Guidelines recommend using risk scoring systems to identify those individuals at high risk after an AMI[5-7,28,29] and who may potentially benefit from invasive and aggressive therapies. Clinicians often subjectively assess individuals risk by taking into account other co morbidities that are not incorporated into clinical risk scores. There is poor correlation between the perceived risk judged by physicians and actual validated risk scores. Equally age is a major driver of heightened risk in risk scores, such as, the Global Registry of Acute Coronary Events (GRACE) and thus most elderly patients would be in a high risk group post AMI. This suggest that physician decisions are potentially influenced by other factors not represented in the risk scores, such as perceived frailty, and highlights the difficult in driving optimum AMI care in the elderly.
With the aging population, it is likely that the number of elderly patients presenting with AMI will increase. This will have a significant impact on morbidity and mortality as well as health care resources. Several societies including the American College of Cardiology (ACC), American Heart Association (AHA) and the European Society of Cardiology (ESC) guidelines on non ST segment myocardial infarction (NSTEMI) advocate the use of intensive and early interventional therapies in high risk groups[5-7], such as the elderly, who are likely to achieve better outcomes if therapies for AMI are advocated, although this is confounded by the lack of a strong evidence base. Thus, uncertainty of risk versus benefit of AMI therapies in elderly patients makes decisions around the use of effective therapies difficult. In part, unmodifiable risk factors associated with age drive the disparity in outcomes post AMI between young and old. However, whilst inequalities in care exist across age groups there is still potential to narrow the gap in adverse outcomes by improved provision of evidence based care to older patients post AMI.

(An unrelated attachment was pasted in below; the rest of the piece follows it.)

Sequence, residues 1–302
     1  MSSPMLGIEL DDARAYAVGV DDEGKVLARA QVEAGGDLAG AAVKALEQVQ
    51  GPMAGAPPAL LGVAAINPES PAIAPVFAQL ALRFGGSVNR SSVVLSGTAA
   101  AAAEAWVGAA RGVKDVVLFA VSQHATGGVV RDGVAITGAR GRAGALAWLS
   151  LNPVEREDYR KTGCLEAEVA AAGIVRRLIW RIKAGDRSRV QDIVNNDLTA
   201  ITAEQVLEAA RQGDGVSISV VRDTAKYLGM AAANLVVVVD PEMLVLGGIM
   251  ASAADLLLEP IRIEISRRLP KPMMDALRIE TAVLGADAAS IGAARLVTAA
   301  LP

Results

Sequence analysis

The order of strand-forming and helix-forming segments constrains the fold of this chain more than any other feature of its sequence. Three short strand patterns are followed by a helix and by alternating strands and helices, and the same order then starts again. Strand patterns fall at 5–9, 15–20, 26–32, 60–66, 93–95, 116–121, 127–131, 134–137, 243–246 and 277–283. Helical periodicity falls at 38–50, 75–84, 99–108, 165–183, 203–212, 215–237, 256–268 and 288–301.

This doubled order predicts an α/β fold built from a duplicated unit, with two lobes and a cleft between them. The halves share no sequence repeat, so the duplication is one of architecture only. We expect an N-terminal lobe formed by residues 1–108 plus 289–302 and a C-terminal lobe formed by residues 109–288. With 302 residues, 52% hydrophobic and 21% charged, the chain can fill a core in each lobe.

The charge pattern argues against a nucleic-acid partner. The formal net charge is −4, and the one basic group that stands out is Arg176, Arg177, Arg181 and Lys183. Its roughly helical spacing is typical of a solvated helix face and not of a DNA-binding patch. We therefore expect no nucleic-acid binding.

The socioeconomic status of patients can be defined according to the patient’s occupation, income wealth, education or where they live. Lower socioeconomic status i.e., low income, less than high school education, is a key determinant of inequality in care and results in these individuals experiencing poor health and reduced life expectancy. Studies from Sweden, Finland, Canada and the United States have found that prognosis is worse after an AMI in patients from a lower socioeconomic status group[34-36]. In a study conducted in Finland, a higher number of patients with lower socioeconomic status had AMI’s and lower prescription of secondary prevention medication compared to the higher socioeconomic group. These patients often presented later to hospital with chest pain[21,36] and higher numbers were treated in urban hospitals compared to their counterparts who were treated in specialist hospitals. This may have been because specialist centres were situated in more affluent areas. In addition poorer patients were likely to refuse invasive procedures. Mortality rates were also significantly higher in patients with a low income and basic education. Males with a low income had a 28 d mortality rate of 49.5% compared with 14.5% of those with higher income. In males who had a basic level of education 28 d mortality rate was 80.3% and 19.7% in those with higher education. A similar trend was also seen in females. This suggests that low income and potentially a lack of understanding of physical health contributes to these findings.